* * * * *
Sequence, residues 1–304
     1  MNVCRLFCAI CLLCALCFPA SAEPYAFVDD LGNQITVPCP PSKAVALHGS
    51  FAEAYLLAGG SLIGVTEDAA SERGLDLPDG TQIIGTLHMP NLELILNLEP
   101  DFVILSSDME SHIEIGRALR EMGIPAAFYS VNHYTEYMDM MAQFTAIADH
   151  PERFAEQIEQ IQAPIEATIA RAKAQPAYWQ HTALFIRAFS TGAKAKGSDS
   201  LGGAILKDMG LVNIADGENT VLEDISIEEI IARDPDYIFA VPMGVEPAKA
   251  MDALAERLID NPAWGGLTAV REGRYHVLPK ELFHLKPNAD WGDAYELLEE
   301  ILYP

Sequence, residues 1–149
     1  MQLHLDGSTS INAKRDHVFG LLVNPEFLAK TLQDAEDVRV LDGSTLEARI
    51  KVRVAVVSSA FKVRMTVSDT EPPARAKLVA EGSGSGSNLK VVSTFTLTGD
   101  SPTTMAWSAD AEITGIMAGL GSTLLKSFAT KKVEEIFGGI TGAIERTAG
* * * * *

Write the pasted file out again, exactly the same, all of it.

Sequence, residues 1–304
     1  MNVCRLFCAI CLLCALCFPA SAEPYAFVDD LGNQITVPCP PSKAVALHGS
    51  FAEAYLLAGG SLIGVTEDAA SERGLDLPDG TQIIGTLHMP NLELILNLEP
   101  DFVILSSDME SHIEIGRALR EMGIPAAFYS VNHYTEYMDM MAQFTAIADH
   151  PERFAEQIEQ IQAPIEATIA RAKAQPAYWQ HTALFIRAFS TGAKAKGSDS
   201  LGGAILKDMG LVNIADGENT VLEDISIEEI IARDPDYIFA VPMGVEPAKA
   251  MDALAERLID NPAWGGLTAV REGRYHVLPK ELFHLKPNAD WGDAYELLEE
   301  ILYP

Sequence, residues 1–149
     1  MQLHLDGSTS INAKRDHVFG LLVNPEFLAK TLQDAEDVRV LDGSTLEARI
    51  KVRVAVVSSA FKVRMTVSDT EPPARAKLVA EGSGSGSNLK VVSTFTLTGD
   101  SPTTMAWSAD AEITGIMAGL GSTLLKSFAT KKVEEIFGGI TGAIERTAG